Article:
Houston Rappers Who Have Next
There was a period when H-Town artists like Paul Wall and Chamillionaire were some of the biggest stars on the planet, and of course there’ll always be Bun B the Trill OG. But for the most part, after the initial Swishahouse wave, Houston found itself in the odd position of having its culture thoroughly repped by mega-stars like Drake and A$AP Rocky while fighting to actually get anyone who grew up in the city into the spotlight. The music industry, it seemed, wanted everyone to be like Houston but not from Houston.
But there’s a new crop of young artists from within the area code, who are grinding on albums which they hope will carry them far from Houston, while always, absolutely, being from Houston, and will put Houston back on top. Without further ado, here are eight Houston artists you need to keep an eye—and ear—on.
As he proclaims on his recently released mixtape, Unorthodox, Roosh Williams is the new guy challenging the heavyweights. Countless ambitious artist before him have made similar claims, but how many have the skill set to stand amongst giants?
Roosh does. Despite not having a label’s backing, Roosh is already in the presence of some real greatness. Both the lyrical titan Emilio Rojas and the legendary hometown hero Scarface are featured on Unorthodox, both delivering valiant performances. But Roosh is far from outshined or overshadowed. He’s a more than capable of bringing something fresh to the Houston scene, and maybe in due time to the world.
A Drake co-sign can do a lot for an artist—just ask The Weeknd or PND or Migos or Makonnen or anyone else who found themselves basking in Drizzy’s glow. Especially considering Aubrey’s Houston ties, it’s only right that the OVO king has been showing love to one of the city’s most buzzing acts, the Sauce Twinz.
The Twinz are comprised of Sancho Saucy and Sauce Walka (you have to admit, those names are amazing) and the duo’s sound, which often draws closer parallels to Atlanta’s trap scene than Houston’s traditional chopped sound, has been absolutely exploding. Their In Sauce We Trust mixtape is in steady rotation throughout Houston. Trust us, one Drake verse on a remix and the Twinz will become household names overnight.
It’s been hard to have a conversation about hip-hop with someone from Houston in the past two years without the name Doughbeezy coming up almost instantly. In a few short years, Beezy has gone from an almost complete unknown to an emerging artist that has worked with nearly every local legend alive, from Bun B to Slim Thug and more.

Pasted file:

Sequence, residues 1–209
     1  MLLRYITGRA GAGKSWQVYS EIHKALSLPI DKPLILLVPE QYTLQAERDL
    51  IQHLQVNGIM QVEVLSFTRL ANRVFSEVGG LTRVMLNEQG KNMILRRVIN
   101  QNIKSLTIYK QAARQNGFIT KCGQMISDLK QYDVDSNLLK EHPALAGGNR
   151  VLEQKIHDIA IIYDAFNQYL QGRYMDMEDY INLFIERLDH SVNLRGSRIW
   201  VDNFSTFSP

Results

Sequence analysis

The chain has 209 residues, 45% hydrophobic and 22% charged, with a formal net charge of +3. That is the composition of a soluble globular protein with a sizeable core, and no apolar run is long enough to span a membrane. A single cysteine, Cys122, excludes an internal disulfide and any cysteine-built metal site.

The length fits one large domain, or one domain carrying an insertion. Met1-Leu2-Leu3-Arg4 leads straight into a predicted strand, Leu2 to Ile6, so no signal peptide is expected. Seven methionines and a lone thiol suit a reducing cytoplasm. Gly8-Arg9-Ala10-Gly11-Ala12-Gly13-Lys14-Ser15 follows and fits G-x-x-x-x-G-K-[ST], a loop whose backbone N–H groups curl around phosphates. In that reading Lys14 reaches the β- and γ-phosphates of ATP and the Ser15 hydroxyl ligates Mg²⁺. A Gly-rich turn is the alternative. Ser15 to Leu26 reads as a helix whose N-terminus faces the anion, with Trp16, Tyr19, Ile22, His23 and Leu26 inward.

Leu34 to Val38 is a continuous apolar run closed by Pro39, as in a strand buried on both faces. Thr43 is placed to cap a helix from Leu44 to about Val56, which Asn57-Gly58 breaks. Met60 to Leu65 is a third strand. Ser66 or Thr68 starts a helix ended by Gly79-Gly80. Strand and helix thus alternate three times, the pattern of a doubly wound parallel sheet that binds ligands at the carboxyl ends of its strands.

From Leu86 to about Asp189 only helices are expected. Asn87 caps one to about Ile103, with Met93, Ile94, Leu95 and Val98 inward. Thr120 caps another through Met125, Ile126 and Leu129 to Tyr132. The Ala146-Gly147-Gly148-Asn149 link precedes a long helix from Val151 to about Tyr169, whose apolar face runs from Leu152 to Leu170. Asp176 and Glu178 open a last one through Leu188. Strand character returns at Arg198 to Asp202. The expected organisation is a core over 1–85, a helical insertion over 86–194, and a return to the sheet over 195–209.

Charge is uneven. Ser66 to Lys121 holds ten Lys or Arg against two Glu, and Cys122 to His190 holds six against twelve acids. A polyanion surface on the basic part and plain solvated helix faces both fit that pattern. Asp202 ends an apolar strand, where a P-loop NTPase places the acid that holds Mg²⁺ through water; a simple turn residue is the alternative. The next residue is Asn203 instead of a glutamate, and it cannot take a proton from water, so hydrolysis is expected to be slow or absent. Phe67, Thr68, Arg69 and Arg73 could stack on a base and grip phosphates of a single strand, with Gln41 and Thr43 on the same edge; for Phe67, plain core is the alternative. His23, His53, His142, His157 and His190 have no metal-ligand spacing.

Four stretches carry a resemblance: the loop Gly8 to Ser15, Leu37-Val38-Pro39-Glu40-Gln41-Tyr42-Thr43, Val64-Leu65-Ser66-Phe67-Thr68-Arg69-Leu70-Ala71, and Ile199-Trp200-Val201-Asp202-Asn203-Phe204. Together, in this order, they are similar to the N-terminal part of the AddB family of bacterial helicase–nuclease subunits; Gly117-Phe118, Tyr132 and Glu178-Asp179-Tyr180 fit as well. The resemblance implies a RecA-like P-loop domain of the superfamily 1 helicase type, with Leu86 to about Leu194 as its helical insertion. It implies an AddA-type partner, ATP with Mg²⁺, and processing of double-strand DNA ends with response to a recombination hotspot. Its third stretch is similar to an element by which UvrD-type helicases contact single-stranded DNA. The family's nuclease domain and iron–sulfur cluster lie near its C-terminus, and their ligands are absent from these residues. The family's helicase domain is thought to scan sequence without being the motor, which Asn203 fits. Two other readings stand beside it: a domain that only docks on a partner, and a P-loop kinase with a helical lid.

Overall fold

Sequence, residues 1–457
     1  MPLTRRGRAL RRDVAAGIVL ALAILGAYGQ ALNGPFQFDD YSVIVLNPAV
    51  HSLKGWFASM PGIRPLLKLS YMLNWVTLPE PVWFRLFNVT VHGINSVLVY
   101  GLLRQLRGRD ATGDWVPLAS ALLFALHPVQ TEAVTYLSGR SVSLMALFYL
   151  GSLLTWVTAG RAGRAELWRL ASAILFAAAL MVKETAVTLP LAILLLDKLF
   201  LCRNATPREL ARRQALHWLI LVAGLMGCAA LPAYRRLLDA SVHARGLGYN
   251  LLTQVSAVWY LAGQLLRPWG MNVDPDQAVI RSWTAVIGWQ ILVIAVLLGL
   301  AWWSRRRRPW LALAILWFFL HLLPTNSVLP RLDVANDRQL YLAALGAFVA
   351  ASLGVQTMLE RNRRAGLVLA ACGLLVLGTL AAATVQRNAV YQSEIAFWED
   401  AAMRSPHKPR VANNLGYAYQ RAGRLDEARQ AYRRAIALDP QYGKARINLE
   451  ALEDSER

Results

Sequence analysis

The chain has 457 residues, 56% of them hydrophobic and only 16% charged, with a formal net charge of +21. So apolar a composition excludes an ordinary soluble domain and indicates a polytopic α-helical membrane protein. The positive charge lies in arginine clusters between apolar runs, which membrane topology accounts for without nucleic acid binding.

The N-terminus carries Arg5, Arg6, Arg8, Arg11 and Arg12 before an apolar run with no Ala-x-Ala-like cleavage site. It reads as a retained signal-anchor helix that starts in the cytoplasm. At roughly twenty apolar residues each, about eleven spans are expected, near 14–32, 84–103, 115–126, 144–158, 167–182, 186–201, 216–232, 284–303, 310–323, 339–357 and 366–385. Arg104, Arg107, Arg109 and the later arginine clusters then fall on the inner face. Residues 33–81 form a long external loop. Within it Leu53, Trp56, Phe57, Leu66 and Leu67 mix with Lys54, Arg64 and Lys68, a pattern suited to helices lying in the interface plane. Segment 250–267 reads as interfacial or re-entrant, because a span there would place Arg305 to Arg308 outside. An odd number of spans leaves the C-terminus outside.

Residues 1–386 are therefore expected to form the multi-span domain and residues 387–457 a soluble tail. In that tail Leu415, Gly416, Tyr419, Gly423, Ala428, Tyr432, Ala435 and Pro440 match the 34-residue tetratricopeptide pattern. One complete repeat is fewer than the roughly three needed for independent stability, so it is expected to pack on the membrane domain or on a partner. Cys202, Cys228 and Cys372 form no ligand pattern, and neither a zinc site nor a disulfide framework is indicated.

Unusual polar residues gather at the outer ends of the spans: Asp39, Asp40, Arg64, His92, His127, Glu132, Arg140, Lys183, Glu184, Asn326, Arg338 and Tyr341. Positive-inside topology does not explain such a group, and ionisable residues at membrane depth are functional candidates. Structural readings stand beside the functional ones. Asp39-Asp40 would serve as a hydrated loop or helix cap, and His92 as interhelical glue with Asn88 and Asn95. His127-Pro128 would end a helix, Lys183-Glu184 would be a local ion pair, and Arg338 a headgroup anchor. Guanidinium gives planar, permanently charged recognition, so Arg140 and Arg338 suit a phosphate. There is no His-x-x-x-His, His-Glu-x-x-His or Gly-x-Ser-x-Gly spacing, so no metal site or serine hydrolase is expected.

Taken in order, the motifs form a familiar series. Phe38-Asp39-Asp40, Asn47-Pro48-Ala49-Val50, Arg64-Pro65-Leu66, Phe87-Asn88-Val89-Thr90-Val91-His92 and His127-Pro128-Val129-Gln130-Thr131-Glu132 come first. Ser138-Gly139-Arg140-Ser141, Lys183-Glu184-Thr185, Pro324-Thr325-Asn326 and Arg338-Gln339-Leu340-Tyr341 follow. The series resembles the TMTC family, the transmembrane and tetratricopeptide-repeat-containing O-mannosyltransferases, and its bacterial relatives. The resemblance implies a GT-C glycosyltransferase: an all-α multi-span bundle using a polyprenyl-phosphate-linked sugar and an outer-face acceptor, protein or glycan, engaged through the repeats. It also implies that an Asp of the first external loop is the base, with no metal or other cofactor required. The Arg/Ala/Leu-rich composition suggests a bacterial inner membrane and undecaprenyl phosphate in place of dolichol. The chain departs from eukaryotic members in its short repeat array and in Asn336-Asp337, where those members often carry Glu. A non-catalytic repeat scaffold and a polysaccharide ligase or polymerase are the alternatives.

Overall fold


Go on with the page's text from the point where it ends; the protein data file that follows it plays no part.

On the surface Doughbeezy’s music sounds openly aggressive, but a deeper look reveals a rapper who’s carefully crafted every word, one who can drop bangers that can also make you marvel at his wordplay. More than just a solo act, Beezy’s also building his Headwreckas Worldwide label, paving musical roads that lead from Houston to the rest of the world.
Dustin Prestige doesn’t deal in some of the things we’ve come to expect from Texas rappers; Candy paint and slabs go largely unmentioned. Instead, Prestige’s music is filled with meditations on the aftermath of failed relationships and parallels between spirituality and music—topics most would associate with experimental East Coast hip-hop.
While many expect Houston artists to take a more laid back approach to their music, Propain is a rapper’s rapper, an emcee still very much concerned with destroying any microphone in the vicinity.
Pro created the Texas anthem “2 Rounds,” that also features Rich Homie Quan. He constantly experiments with pushing Houston’s traditional sound in new directions, which has the potential to make him a star on the larger stage.
Cory Mo should need no introduction, certainly not within Houston. Some know him for his production work for UGK, others are more familiar with his M.A.D. Studios.
Despite being a part of the Houston scene since 1999, Cory put his solo rap career on hold to pursue other aspirations but has recently returned to the microphone. He still has style, the sound, and the respect from everyone from Big K.R.I.T to Talib Kweli. He is the spirit of country rap tunes, something that hip-hop needs more of.
A rapper married to the idea of only making music about his real life experiences—something that’s in short supply in hip-hop these days—Delo has been slowly but surely building a presence in his home stateAt this rate it feels like he’s only one big song, one big project, away from vaulting from his native Mo. City to some of the biggest stages in the game.
Fat Tony raps with the ease of Devin The Dude and the hypnotizing patter of an auctioneer. His voice is weightless; he’s able to levitate over production and sound effortlessly. He also has a sense of humor and an original style (see him rocking a dog costume in his video for “No More”) that can pick up fans from everywhere.
Tony’s hometown has been aware of his talent for years. Impressively, the Houston Press rewarded him a Best Underground Hip-Hop award in 2008, 2009, 2010 and 2013—could 2015 be the year that the world also embraces his undeniable rhymes?